So, before we get to the final part of this post, I want to give you a quick update about what I am talking about. When I say the following at the end of this post, I’ve never done anything like this before, a few years ago I used an earlier article to try and explain some of what I was doing.

So, let’s run through my favorite example of this. Imagine if you were to write an algorithm for a single training problem.

In general, one of the ideas most commonly used to solve this problem is the use of data structures as networks. For instance, the network that runs the training algorithm knows exactly the position and time of every trainee. Each trainee has a very different way of calculating her first trainee rank because each data entry determines the class of the trainee. So, for each trainee, data entry 1 tells the algorithm the class name of each training, which tells the network which data entry is the class who will train it and how to calculate the number of next trainees and so on. As more and more data entry is available, you can do a lot more work to fit all the data points into a single trainee. But this is all the more reason to use data structures because they are always a good idea. If you can get more data from any data source, you’ll probably be fine.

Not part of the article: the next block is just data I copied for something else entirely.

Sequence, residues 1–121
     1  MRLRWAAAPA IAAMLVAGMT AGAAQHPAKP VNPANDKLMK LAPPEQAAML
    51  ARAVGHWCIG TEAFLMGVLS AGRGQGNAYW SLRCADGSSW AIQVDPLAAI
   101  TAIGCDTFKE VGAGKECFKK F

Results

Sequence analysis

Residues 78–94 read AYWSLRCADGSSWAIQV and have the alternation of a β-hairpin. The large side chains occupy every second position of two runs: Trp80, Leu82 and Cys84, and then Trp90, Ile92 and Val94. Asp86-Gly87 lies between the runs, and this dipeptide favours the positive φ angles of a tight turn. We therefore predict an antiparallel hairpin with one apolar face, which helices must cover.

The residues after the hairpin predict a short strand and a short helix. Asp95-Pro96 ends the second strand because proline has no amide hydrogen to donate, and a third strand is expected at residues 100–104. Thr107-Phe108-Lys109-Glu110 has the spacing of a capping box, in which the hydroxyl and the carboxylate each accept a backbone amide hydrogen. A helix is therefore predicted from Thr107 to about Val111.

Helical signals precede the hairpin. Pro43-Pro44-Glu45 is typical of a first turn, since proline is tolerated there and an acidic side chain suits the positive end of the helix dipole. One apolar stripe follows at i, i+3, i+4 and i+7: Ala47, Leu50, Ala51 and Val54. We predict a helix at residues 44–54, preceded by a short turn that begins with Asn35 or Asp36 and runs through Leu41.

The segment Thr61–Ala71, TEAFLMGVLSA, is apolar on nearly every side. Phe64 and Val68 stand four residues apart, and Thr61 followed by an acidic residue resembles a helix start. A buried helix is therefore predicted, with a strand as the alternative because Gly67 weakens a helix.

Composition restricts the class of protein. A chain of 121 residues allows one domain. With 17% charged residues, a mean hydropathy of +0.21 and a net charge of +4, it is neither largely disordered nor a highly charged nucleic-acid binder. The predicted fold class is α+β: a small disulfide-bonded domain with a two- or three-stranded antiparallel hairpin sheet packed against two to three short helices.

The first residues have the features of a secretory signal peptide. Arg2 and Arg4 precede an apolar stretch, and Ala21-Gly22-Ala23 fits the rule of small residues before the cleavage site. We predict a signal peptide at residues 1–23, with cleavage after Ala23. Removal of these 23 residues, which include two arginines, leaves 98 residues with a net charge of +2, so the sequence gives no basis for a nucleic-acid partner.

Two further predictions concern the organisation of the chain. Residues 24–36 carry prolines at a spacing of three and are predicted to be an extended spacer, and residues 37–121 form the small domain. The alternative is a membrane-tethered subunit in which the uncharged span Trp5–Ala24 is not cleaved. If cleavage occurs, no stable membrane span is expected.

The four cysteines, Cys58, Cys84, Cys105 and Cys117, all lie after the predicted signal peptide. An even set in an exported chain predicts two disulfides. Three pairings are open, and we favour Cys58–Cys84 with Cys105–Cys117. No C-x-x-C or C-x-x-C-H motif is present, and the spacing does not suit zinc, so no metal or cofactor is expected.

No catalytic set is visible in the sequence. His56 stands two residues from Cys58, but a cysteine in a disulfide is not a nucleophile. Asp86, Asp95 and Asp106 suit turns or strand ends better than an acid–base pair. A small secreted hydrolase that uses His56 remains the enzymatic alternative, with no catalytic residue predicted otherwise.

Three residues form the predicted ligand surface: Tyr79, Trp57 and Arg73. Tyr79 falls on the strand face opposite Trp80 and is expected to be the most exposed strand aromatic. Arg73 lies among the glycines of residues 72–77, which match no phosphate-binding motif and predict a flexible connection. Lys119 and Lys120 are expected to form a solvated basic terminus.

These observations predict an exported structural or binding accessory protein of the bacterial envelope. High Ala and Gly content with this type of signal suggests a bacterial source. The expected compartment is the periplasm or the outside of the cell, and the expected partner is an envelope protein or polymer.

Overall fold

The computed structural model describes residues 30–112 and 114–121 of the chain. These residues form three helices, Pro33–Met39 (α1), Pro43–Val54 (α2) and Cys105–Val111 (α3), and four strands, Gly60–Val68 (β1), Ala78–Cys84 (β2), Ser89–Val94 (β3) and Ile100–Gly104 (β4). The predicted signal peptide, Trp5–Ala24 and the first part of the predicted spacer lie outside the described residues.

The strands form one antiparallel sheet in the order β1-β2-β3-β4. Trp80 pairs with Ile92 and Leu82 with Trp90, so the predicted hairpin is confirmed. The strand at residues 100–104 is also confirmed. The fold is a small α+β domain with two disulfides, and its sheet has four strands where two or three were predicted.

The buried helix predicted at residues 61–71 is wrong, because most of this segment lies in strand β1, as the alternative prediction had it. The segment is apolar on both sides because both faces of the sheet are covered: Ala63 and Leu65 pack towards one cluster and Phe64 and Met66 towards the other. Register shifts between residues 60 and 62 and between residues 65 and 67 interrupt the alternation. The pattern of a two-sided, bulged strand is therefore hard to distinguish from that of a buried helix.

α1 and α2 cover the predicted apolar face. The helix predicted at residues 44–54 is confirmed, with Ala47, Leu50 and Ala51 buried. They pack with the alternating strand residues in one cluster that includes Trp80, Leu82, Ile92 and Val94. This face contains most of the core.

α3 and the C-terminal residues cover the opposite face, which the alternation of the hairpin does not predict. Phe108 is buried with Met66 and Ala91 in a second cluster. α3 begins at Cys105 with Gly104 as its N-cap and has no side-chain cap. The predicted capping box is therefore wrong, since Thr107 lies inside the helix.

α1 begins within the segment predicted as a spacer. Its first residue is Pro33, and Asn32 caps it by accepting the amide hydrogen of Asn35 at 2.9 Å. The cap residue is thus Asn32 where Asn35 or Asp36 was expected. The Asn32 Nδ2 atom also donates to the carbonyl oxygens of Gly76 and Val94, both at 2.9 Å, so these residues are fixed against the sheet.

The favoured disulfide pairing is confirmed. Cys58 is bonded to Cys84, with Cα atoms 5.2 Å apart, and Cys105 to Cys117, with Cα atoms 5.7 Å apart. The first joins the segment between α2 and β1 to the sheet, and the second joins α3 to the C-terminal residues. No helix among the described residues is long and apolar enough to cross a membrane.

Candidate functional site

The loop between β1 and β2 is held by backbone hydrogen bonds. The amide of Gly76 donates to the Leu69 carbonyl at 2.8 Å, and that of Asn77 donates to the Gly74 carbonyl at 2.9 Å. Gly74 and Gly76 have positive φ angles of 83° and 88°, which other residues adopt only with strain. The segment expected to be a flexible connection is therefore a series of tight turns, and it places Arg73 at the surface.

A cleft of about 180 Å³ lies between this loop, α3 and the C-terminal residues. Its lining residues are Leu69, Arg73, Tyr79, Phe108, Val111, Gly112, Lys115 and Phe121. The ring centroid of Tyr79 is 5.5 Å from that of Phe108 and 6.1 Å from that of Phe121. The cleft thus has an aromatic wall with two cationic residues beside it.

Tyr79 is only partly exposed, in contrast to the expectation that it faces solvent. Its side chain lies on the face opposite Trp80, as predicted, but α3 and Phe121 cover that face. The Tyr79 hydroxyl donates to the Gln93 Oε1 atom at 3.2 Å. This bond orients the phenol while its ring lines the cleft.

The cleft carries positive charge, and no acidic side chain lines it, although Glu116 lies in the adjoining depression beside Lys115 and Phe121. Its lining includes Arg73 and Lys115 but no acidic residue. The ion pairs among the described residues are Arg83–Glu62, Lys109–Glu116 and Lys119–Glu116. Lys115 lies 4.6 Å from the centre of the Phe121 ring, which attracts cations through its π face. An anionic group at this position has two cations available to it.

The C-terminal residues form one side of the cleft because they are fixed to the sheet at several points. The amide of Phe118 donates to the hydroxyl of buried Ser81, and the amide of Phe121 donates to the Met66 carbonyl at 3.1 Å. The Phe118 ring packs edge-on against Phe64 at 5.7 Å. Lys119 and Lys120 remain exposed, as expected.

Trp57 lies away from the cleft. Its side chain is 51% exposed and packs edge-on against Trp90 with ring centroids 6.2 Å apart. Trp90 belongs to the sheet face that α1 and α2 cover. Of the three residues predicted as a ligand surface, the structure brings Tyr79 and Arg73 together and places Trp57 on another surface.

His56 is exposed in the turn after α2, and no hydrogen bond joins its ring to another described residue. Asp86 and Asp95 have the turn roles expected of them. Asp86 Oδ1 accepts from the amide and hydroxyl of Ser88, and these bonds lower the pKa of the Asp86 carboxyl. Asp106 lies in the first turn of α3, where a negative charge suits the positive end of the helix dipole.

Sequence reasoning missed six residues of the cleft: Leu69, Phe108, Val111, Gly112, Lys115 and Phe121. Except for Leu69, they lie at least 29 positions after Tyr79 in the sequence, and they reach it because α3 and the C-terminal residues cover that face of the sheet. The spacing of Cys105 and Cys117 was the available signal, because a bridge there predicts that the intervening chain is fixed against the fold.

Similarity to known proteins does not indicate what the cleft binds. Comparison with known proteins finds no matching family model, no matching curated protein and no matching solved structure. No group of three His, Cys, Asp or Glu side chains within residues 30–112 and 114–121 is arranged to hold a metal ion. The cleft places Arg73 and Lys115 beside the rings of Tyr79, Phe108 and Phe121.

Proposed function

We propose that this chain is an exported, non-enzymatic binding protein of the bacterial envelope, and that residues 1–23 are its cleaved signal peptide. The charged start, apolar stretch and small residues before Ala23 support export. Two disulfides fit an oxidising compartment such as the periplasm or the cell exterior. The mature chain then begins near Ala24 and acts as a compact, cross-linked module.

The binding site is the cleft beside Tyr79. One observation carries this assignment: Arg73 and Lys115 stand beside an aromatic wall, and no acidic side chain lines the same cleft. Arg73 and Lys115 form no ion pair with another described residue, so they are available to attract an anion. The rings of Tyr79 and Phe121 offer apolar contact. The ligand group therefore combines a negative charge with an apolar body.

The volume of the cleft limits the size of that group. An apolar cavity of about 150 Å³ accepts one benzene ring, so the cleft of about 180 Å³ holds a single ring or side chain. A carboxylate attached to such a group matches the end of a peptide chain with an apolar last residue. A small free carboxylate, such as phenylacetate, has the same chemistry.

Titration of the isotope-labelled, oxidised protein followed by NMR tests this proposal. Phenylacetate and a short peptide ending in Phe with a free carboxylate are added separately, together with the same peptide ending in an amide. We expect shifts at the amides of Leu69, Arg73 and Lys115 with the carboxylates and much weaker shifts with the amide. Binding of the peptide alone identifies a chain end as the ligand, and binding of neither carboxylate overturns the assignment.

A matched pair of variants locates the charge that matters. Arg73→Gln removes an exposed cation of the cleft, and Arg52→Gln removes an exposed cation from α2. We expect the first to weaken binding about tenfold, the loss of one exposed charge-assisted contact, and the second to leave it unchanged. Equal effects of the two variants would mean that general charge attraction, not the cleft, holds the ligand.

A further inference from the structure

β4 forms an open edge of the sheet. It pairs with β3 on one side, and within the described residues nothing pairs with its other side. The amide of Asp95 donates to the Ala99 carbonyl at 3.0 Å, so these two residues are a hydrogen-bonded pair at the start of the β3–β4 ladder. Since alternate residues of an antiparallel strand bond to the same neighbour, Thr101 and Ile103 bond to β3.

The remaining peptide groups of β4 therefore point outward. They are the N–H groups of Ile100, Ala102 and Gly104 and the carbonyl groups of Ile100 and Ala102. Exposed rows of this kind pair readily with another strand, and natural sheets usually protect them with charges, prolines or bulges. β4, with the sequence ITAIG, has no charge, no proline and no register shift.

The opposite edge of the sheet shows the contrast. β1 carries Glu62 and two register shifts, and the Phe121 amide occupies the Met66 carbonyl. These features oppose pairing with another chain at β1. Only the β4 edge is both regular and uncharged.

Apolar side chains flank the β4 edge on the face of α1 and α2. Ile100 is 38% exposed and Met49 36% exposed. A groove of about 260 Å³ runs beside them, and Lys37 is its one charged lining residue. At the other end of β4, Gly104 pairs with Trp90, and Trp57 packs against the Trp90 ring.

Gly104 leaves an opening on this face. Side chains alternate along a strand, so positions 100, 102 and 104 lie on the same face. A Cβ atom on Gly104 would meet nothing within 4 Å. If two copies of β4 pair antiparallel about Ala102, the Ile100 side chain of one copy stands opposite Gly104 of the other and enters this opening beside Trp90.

The training problem can be solved by having two trained algorithms.

Our Reaction 👀

…not bad? While the sentence structure and flow of the generated output look realistic enough, if you actually read the content, it doesn’t make much sense. It’s amazing to see how flexible the GPT-2 model is with different data and topics — for example, it generated pseudocode in the first output.

We also tried using prompts with more proper nouns from our post on NYC Machine Learning meetups (see below). The content quickly goes off topic after the <|endoftext|> break and pivots to political content from the White House.

From machine learning meetups to the Trump Administration?